Tuesday, October 23, 2012

Logic and Rhetoric

The shift of focus from propositions to statements is also a shift of focus from the logic to the rhetoric of science. Logical arguments are intended to establish truths on the basis of other truths. Rhetoric, meanwhile, is intended to make an impression on an audience, in a word, to persuade. In scholarship, it is not enough to know that a set of propositions are true, and that these truths imply other truths. You must also know what a particular group of people, your peers, think is true, and you must then engage with those beliefs in your writing.

One of the most important differences, therefore, between propositions and statements is that the former are true or false in themselves, where the latter are tenable or untenable relative to some audience. They "hold up" or not in what we call "discourse", and there is no simple relationship between their truth and their tenability in this regard. The great difficulty in writing for an academic audience, then, is not so much knowing the truth, but telling the truth. You cannot be content with being right; you must develop your rightness into a persuasive position.

The institution of academic writing, especially the journal literature, frames this difficulty in particular ways. These days, however, there is a lot of concern (which is not at all misplaced) that the social pressure to publish has changed the rhetorical situation of the academic writer. After all, it is possible to entirely detach the rhetoric from the logic of research. If writers and their readers come to see the task of "making a statement" as entirely unconstrained by the truth of propositions then scholarship will lose much of its distinctive value. It will become a species of literature, to be judged on the aesthetic pleasure of our direct experience of it. On this score, I think we can agree, it is not likely to succeed.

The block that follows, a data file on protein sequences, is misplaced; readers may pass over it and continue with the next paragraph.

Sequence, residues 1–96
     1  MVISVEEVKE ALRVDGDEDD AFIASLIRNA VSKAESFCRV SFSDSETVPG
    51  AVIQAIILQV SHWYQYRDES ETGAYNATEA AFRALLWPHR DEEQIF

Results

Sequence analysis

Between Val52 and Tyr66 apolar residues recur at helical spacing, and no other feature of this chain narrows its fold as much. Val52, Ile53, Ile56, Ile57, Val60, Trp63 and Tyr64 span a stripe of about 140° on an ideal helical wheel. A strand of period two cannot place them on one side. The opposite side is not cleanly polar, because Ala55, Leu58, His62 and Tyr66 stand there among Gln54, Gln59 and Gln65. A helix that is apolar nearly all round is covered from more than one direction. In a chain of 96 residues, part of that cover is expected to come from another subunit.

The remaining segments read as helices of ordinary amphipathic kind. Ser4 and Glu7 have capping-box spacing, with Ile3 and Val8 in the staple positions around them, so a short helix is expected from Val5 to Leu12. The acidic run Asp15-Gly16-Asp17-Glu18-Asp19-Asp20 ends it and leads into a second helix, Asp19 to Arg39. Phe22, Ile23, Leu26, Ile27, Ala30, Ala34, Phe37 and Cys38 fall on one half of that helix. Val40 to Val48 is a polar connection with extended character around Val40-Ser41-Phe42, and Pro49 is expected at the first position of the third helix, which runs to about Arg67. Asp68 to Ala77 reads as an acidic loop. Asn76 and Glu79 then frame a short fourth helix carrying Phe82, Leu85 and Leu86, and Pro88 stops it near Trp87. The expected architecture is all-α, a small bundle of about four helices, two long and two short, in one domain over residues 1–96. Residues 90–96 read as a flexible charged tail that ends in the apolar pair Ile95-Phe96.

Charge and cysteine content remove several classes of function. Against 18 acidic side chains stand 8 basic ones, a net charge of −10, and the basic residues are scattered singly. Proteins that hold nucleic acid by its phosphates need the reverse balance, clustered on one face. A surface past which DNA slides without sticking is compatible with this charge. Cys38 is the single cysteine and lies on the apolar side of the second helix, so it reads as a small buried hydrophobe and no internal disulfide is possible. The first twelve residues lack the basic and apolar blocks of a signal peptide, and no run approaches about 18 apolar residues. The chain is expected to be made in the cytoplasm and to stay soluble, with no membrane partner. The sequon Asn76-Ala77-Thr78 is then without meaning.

Scholarly writing presumes that the statements that are being made are intended to express propositions that are true. It must be meaningful to ask whether or not they are true in a sense that this question is not meaningful when reading a novel. Academic writing is not supposed to be merely plausible.

Tomorrow, I will consider perhaps the most important notion in our understanding of the rhetorical situation of academic writer, namely, the critical reader. This reader, especially as he or she appears in the mind of the writer at the time of writing, is notorious for not knowing his or her place. As a result, I'm afraid, s/he has been banished from the academy, or at least forced to the margins of discourse. In one sense, this has made it too easy to publish in the academic literature; in another, it has made scholarship well nigh impossible.

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